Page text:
I want to put sand at the shoreline of my cottage so that I don’t have to walk over the rocks, is that a good idea?
Putting sand at your shoreline to cover up rocks is a great idea, it allows easier access into the water without you having to walk over rocks that can be hard on the feet, it can help your property value as your shoreline looks cleaner and more appealing. It also makes a much more enjoyable area for little kids to play in the shallow water where it they don't have to worry about what they are stepping on in bare feet.
Having said all that, there are some major problems and concerns with dumping sand at your shoreline;
• If your cottage is in an area where there is naturally rock and not sand then it is probably illegal to dump sand at the shoreline or at least restricted. You will probably require permission from the local municipality, conservation authority and/or native tribes depending on where you are located and what jurisdiction you are under.
• Dumping sand in the water where it naturally is not can be hard on the local natural ecosystem. The ecosystem (including the living animals and pants) has adapted to living and surviving in rock or the existing mud bottom, when you add something as different as sand you change that environment completely. This can affect fish stocks and the food that they rely on to eat. You could also be inviting certain invasive species to take up residence in-front of your cottage.
• Depending on how much movement there is in the water you can end up losing a lot of the sand after every storm. This means that you end up in a cycle where you are endlessly dumping more sand at the shoreline to replace the sand that you lost last season. The movement of the water especially in the great lakes can be so forceful that you could lose a large portion of your sand every year. It is not uncommon for the water to rise 6" to 12" in a large summer storm, that raising and lowering of water levels pulls the sand off the shoreline and into the deeper water.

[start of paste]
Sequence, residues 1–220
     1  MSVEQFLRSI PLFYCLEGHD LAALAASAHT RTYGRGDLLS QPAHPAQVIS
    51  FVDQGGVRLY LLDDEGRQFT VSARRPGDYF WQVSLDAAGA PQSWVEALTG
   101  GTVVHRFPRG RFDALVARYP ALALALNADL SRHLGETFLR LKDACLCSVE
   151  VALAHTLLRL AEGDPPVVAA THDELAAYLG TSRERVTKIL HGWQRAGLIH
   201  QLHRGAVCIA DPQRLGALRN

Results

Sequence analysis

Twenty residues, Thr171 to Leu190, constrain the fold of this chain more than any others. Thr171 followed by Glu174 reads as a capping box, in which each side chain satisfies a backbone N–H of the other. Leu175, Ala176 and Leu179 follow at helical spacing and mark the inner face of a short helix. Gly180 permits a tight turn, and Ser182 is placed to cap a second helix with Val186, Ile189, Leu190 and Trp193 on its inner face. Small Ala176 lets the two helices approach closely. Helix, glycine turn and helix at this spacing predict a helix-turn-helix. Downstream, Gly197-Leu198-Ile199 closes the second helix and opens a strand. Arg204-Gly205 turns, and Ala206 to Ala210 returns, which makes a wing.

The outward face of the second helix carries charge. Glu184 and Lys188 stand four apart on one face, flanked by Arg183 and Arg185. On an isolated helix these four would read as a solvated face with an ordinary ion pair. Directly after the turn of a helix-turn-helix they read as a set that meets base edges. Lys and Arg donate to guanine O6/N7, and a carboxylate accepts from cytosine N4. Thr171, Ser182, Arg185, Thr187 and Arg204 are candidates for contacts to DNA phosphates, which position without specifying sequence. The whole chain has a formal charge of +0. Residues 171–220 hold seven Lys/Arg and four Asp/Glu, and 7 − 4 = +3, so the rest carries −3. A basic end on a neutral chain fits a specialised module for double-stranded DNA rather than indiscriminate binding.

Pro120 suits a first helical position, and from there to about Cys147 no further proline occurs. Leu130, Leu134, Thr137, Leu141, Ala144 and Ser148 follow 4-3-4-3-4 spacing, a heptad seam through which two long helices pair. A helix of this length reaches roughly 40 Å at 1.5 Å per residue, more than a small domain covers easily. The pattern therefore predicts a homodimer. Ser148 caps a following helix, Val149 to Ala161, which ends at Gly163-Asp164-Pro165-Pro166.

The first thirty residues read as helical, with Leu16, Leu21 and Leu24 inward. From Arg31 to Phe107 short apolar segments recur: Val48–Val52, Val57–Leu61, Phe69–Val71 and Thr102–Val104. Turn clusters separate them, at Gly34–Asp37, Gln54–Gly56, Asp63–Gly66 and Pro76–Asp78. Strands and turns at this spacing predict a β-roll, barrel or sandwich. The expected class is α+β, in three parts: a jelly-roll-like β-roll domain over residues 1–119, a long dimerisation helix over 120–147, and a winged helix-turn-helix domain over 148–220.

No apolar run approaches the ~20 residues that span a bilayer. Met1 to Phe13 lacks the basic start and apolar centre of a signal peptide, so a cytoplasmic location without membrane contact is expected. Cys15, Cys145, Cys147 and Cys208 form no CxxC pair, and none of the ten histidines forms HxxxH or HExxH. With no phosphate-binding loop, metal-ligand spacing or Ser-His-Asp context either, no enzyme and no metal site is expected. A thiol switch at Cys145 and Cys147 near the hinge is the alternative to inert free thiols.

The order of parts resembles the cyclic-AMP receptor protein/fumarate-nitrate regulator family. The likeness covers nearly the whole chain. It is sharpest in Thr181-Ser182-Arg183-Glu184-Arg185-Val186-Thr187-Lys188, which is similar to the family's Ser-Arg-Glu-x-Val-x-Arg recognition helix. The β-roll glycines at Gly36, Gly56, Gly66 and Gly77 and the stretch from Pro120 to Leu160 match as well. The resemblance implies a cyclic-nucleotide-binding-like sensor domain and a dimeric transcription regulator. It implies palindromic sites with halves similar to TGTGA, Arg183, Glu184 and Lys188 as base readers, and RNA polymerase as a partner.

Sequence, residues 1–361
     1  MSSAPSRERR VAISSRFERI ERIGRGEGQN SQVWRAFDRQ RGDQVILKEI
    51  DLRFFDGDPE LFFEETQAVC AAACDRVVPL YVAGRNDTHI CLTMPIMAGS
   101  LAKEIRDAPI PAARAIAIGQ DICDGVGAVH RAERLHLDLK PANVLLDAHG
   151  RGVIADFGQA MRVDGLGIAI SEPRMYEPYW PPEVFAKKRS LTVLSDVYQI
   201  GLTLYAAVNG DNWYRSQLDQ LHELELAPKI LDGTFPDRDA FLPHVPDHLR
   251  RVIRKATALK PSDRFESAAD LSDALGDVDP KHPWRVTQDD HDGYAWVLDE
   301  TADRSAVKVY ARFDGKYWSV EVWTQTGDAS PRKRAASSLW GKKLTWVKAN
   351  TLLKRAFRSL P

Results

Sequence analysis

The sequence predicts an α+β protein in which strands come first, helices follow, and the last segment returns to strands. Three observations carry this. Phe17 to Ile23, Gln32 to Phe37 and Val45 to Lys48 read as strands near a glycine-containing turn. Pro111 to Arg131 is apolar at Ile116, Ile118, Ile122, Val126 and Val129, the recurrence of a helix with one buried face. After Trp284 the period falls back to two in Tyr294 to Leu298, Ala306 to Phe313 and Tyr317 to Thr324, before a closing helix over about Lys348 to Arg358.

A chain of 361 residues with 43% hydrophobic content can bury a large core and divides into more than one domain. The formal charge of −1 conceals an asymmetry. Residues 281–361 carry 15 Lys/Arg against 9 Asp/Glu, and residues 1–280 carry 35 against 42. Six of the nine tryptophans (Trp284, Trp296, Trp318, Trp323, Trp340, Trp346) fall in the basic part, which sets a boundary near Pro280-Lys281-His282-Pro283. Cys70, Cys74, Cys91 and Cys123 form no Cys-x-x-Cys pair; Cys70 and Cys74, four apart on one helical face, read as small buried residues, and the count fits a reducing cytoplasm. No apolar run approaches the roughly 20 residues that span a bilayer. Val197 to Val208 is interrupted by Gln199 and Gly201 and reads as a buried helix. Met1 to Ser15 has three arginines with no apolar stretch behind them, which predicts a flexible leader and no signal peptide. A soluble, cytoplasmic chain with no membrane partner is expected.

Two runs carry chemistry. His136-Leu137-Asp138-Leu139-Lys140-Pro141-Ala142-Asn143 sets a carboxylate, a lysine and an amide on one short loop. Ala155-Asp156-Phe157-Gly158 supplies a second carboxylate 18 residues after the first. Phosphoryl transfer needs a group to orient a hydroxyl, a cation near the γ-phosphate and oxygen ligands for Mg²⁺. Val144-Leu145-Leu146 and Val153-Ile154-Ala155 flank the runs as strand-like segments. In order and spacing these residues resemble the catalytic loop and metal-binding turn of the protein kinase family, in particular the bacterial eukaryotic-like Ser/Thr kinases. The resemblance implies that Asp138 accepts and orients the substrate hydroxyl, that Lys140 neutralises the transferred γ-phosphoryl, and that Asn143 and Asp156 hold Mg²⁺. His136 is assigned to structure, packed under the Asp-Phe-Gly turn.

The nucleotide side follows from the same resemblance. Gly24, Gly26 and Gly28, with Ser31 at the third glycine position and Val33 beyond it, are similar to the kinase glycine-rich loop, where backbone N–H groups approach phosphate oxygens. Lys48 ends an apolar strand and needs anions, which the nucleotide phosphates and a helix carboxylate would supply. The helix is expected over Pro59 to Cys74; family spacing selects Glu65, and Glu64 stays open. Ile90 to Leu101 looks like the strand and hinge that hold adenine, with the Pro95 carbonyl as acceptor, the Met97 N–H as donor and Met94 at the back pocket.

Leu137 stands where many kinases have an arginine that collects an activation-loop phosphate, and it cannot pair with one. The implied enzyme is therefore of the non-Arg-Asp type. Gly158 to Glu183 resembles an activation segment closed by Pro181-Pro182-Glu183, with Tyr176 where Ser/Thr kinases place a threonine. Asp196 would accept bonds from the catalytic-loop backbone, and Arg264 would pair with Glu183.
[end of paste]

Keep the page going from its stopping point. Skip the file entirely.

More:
• Depending on the type of sand you want it can cost you a lot of money in trucking to have it delivered, real beach sand can be hard to find especially if you are in an area that is mostly rock.
• Most cottages do not own their shorelines, usually cottage lots end somewhere near the water, that means that you are not dumping the sand on your own property. Even if you don’t require permission to dump sand at the shoreline you still could end up in trouble as you don’t own the land where you are dumping your sand.
Before you go and start creating the perfect beach at your cottage you should take some time and look into the legal ramifications of what you are about to get yourself into. It doesn't cost anything to call your local municipality and ask about the rules, you won't have to give your name or address. This simple phone call can save you a world or headaches.
You should also consider the effect on the natural environment, the whole reason that people have cottages is to get back in touch with nature and the natural setting. If you go and change it all to a pristine neutral environment then what’s the point in having a cottage in the first place? Remember that cottages are about being outside and being able to relax, If you spend all your time working on the sand beach (shoveling, raking and cleaning) then you will not be able to enjoy it.
Village Builders Inc.